Nightcap oak translocation
The first ever 'insurance' populations of Nightcap oak (Eidothea hardeniana), an endangered species dating back to Gondwanan origins, have been planted in the wild.
Under the Saving our Species (SoS) program, NPWS Threatened Species Officers carried out the translocation plantings within the Nightcap Range in north-eastern NSW.
The endangered Nightcap oak (Eidothea hardeniana) is an ancient species that dates back to Gondwanan origin. Its range has contracted over millions of years and it now occurs in just a single population of less than 150 mature individuals in the wild.
Threats to this single wild population include wildfire, weeds and lack of ecological knowledge. Under SoS, these threats have been carefully assessed and there are several management actions being implemented to protect this ancient species, one of which is establishing insurance populations.
Seeds and cuttings
An important step in establishing insurance populations was to collect seeds and cuttings. In 2020, a total of 416 seeds were collected from 54 trees, and an additional 103 seeds were collected from 29 trees in 2021.
These seeds have been propagated in a nursery specialising in rainforest species. Notoriously difficult and slow to propagate, efforts by the nursery specialists resulted in 50 seed-grown plants, with another 20 seeds expected to germinate in spring 2021.
In addition to propagation by seed, SoS has partnered with the Australian Botanic Gardens Mount Annan to propagate the species using vegetative cuttings. This work is based on the results of a genetic study undertaken by the Royal Botanic Gardens Sydney (RBGS).
Plants grown from cuttings will supplement those grown from seed to provide a genetically representative planting at each of the eight translocation sites.
Ensuring long-term conservation outcomes
The first translocation involved 20 seedlings propagated from seeds collected in 2020 and 2021, being planted at four different sites in Nightcap National Park. Over the next two years SoS aims to establish more than 200 translocated plants at eight sites in Nightcap and Mount Jerusalem National Parks.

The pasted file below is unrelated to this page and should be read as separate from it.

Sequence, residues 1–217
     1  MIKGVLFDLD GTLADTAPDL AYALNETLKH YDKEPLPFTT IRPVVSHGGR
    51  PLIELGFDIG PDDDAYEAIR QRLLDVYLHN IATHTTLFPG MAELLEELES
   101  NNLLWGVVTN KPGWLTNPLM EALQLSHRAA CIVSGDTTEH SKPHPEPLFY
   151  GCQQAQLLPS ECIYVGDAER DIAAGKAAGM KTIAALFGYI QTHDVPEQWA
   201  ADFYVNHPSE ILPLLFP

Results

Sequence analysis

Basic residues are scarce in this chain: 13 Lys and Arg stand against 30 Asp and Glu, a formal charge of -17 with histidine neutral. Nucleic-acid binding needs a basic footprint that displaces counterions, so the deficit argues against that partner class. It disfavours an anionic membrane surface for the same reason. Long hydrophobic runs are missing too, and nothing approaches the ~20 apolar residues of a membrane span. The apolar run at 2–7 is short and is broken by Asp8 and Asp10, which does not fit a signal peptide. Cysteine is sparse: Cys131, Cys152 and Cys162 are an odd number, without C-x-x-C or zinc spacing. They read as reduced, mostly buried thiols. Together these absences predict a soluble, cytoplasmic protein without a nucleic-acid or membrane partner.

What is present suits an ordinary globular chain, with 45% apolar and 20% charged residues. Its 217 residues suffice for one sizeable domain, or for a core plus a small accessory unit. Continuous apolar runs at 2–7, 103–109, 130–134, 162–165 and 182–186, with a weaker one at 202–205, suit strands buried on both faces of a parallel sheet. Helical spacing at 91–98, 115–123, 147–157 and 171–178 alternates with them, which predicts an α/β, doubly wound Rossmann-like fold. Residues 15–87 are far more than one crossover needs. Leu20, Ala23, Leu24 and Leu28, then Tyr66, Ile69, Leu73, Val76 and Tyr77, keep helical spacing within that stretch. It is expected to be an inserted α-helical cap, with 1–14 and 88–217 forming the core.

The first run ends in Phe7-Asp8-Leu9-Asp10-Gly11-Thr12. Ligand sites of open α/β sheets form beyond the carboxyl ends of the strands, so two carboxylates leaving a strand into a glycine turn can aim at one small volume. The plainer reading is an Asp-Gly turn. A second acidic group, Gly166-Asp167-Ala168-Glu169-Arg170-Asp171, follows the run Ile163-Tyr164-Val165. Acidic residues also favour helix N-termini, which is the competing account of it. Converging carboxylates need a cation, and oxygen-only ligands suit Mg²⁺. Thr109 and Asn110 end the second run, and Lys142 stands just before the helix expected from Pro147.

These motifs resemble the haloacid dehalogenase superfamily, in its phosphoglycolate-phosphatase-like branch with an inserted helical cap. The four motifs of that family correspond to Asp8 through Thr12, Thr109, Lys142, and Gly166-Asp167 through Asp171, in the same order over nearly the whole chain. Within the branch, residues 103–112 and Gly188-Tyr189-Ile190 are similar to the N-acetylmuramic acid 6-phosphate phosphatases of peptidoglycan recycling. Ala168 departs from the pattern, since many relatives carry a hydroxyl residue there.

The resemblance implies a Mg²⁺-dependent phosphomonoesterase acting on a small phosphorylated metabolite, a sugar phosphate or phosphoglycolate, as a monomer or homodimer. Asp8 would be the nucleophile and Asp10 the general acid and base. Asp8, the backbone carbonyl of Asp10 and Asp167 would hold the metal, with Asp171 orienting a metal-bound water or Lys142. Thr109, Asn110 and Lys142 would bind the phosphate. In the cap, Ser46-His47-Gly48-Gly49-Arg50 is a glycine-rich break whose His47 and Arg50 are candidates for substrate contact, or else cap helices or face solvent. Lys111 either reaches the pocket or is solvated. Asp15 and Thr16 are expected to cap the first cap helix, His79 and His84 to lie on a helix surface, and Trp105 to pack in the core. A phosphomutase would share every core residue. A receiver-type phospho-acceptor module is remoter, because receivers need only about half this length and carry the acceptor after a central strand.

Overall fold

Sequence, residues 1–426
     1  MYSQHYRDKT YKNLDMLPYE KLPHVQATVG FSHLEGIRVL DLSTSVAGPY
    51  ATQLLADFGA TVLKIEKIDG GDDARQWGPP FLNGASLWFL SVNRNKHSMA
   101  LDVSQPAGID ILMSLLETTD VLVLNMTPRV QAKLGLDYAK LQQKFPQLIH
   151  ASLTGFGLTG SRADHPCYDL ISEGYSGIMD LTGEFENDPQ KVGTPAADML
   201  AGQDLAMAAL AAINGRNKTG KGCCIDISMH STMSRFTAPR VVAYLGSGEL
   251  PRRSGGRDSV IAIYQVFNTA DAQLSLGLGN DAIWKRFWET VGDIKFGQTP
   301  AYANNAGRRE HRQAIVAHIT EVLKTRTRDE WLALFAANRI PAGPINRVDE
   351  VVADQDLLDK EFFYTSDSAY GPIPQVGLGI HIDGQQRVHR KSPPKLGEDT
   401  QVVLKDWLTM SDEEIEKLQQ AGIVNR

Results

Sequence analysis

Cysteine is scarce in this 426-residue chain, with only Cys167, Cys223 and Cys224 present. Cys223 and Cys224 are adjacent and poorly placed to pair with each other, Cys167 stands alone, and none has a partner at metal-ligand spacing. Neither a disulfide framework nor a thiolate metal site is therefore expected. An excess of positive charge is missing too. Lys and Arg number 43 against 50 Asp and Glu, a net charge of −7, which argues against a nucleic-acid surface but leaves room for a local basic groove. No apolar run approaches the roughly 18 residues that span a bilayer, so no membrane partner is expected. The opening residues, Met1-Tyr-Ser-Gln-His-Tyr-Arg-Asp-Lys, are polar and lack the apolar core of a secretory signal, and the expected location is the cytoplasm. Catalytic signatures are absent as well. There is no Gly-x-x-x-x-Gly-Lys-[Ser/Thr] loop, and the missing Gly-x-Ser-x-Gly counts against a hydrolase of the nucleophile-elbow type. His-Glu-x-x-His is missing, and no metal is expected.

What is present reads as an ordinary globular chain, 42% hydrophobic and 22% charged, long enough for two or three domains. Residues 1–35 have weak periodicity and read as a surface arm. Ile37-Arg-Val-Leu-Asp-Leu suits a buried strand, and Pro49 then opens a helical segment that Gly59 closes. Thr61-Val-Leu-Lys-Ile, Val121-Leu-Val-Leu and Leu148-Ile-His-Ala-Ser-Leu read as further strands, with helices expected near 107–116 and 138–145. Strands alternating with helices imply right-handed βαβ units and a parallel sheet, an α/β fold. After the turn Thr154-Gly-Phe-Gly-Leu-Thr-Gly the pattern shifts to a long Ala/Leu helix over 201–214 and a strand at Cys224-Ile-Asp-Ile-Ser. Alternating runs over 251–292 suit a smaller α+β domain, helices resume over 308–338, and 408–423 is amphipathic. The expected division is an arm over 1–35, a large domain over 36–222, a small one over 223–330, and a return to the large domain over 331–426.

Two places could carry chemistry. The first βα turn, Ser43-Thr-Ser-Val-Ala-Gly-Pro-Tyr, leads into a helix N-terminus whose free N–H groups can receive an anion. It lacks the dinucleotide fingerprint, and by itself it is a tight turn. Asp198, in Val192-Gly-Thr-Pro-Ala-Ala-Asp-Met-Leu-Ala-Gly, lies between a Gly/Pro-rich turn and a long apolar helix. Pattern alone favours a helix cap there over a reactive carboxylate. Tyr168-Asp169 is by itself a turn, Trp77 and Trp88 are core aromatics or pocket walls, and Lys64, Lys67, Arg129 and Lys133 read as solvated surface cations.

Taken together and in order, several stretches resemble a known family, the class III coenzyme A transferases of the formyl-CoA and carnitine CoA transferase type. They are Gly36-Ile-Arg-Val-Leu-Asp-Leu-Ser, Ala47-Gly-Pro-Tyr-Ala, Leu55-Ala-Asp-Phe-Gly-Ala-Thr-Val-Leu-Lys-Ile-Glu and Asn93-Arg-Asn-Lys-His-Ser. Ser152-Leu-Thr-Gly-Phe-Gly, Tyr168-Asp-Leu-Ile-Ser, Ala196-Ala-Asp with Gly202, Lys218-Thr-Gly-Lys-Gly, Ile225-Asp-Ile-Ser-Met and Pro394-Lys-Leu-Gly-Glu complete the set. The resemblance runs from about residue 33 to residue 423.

The sites for the translocation were selected using scientific modelling and based on current and predicted habitat suitability, including under future climate scenarios.
At each of the translocation sites, the population of planted individuals is genetically diverse so that future populations are representative of the current known wild population.
Translocation sites will be visited biannually for the first two years and annually after that for maintenance and monitoring. Where rainfall is less than expected, additional visits will be made to provide supplementary watering and mulching.
The next planting is planned for late spring 2021 and will consist of 30 plants grown from seed being established at the remaining four translocation sites.
Establishment of these translocated Nightcap oak seedlings and cuttings will increase the wild population of this ancient species over time and ensure its long-term conservation.
In addition, the NSW National Parks and Wildlife Service in partnership with SoS is working with RBGS to determine if there is a need to replace individuals lost in the 2019 bushfires by supplementing the existing wild population with plants grown from cuttings.
Learn more about the Nightcap Oak.